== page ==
ORGANIC FARMING (Farming without the addition of artificial chemicals.) Organic farming can be defined by the proactive, ecological management strategies that maintain and enhance soil fertility, prevent soil erosion, promote and enhance biological diversity, and minimize risk to human and animal health and natural resources. It can also be defined as Vegetable and livestock production using natural sources of nutrients (such as compost, crop residues, and manure) and natural methods of crop and weed control, instead of using synthetic or inorganic agrochemicals. It is also called low input farming. Many kinds of farm products are produced organically including vegetables, fruit, herbs, grains, meat, dairy, eggs, fibers, and flowers.
In the past organic farm production was often considered as being only for radicals or hippies. Now it is seen as a viable economic move – with benefits to the farm soil, to the environment, and to the purchasers of the products. An organic approach can contribute towards making a farm more financially viable in several ways. * First, it is a low input way of farming. You do not need to invest so much money in expensive chemicals and fertilizers. However, any declines in initial production are balanced against these reduced costs. * Second, it is less likely to result in land degradation than many other production methods; hence the long-term cost of sustaining production is less. * Thirdly, public demand for organic produce has markedly increased over recent years.
The key characteristics of organic farming include;
| Protecting the long term fertility of soils by maintaining organic matter levels, encouraging soil biological activity, and careful mechanical intervention.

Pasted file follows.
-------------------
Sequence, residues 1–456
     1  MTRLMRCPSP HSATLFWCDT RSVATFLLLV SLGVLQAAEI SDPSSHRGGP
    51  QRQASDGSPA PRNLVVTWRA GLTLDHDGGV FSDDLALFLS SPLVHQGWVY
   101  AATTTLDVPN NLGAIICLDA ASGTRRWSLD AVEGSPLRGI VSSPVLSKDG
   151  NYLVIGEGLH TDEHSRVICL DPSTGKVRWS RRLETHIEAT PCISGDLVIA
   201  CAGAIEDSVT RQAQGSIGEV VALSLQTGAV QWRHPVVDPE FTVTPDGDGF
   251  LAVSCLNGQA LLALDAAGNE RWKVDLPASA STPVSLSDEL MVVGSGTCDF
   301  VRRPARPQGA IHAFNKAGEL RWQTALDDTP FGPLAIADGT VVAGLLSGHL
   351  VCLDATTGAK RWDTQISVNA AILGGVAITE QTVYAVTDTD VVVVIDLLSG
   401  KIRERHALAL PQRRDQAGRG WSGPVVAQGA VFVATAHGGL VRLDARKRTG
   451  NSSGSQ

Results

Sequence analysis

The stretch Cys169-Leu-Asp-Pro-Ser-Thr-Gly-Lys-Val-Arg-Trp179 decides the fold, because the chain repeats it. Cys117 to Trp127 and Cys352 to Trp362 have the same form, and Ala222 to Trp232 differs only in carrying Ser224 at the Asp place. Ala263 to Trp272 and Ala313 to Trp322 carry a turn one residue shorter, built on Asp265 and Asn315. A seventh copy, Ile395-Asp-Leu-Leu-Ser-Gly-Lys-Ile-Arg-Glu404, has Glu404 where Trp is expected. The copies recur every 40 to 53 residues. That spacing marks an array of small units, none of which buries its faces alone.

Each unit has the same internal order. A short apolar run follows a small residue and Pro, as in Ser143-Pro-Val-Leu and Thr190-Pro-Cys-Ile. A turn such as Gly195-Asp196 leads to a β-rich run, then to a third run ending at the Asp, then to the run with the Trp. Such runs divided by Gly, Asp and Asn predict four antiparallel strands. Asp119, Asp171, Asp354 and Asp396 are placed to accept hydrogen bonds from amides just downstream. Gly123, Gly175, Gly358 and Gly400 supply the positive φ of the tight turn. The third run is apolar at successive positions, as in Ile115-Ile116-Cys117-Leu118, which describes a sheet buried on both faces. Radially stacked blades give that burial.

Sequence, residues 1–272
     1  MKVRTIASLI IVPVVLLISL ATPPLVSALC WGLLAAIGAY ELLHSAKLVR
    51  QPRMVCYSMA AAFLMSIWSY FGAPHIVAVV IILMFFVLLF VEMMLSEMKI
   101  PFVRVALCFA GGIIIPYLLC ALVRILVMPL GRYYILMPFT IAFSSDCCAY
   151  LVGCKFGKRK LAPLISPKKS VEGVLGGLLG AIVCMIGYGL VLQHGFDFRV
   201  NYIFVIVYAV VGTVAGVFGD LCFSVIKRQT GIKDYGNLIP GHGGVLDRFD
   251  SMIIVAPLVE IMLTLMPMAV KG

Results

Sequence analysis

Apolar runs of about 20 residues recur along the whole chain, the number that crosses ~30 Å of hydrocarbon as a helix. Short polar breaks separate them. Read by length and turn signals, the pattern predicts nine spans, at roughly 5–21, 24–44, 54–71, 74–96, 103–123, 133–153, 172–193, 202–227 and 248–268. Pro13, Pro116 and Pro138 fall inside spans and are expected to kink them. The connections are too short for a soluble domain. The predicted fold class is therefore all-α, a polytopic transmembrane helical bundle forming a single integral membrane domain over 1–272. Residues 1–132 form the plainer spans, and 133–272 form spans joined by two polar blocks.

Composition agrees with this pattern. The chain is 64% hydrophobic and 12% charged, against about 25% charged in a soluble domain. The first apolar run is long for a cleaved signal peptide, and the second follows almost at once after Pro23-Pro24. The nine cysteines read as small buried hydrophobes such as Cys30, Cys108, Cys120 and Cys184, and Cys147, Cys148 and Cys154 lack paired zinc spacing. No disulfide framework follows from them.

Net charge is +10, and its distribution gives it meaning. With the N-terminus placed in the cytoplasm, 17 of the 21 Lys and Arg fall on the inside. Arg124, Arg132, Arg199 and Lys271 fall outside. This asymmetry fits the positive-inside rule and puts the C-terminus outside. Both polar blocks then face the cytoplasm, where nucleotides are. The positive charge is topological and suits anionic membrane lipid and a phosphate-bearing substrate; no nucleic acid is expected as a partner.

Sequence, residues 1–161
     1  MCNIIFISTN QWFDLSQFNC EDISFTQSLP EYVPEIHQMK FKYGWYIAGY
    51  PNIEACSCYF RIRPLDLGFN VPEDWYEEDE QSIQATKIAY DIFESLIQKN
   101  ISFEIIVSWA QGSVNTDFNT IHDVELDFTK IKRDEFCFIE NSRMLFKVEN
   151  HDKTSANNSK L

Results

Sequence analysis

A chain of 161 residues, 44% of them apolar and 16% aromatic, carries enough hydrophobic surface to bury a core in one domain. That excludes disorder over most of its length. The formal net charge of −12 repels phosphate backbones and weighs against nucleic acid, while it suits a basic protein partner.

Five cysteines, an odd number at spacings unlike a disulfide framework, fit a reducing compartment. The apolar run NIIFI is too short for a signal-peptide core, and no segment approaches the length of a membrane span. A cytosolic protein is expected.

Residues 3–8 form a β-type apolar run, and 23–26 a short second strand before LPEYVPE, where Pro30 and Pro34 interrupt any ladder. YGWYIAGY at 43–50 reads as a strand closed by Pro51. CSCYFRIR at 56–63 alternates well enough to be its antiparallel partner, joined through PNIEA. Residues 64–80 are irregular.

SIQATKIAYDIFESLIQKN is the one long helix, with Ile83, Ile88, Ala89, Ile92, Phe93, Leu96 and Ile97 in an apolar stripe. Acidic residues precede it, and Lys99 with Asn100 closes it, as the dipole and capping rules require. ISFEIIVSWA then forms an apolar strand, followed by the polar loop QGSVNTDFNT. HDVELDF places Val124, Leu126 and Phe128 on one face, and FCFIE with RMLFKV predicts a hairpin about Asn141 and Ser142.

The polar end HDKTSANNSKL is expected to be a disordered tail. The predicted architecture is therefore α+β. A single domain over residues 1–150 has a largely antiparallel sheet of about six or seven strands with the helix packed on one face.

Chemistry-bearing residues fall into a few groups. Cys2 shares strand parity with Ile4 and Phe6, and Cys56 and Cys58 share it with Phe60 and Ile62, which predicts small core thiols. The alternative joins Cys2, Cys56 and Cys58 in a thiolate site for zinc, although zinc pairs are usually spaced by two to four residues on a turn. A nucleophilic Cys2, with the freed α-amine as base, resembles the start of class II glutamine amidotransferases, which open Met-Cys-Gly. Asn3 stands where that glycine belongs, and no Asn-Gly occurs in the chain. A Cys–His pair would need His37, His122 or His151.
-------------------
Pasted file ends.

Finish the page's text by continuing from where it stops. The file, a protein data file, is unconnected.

| Providing crop nutrients indirectly using relatively insoluble nutrient sources which are made available to the plant by the action of soil micro-organisms.
| Nitrogen self-sufficiency through the use of legumes and biological nitrogen fixation, as well as effective recycling of organic materials including crop residues and livestock manures.
| Weed, disease and pest control relying primarily on crop rotations, natural predators, diversity, organic manuring, resistant varieties and limited (preferably minimal) thermal, biological and chemical intervention.
| The extensive management of livestock, paying full regard to their evolutionary adaptations, behavioral needs and animal welfare issues with respect to nutrition, housing, health, breeding and rearing.
| Careful attention to the impact of the farming system on the wider environment and the conservation of wildlife and natural habitats. TYPES OF ORGANIC FARMING Organic farming works with nature, rather than against it. It recognises the fact that nature has many complex processes which interact to control pests, diseases and weeds, and to regulate the growth of plants. There is a variety of ways of growing plants that work with nature rather than against it. Some techniques have been used for centuries. Some of the most effective and widely used methods are:Poly-culture Theoretically, it is better for the long-term welfare of the land to avoid a monoculture approach to farming. Monocultures tend to utilize the same nutrients from the soil and deposit the same "pollutants" into the soil; causing nutrient deficiencies and pollutant toxicities. When several different plants, and/or animals are growing together, the waste products of one will often be used by another; and the nutrients used by one, may be replenished by the activity of another.Biodynamic farmingIt views the farm or garden as a "total" organism and attempts to develop a sustainable system, where all of the components of the living system have a respected and proper place.
| Permaculture Systems
Permaculture is a system of agriculture based on perennial, or self perpetuating, plant and animal species which are useful to man. It is a philosophy which encompasses the...
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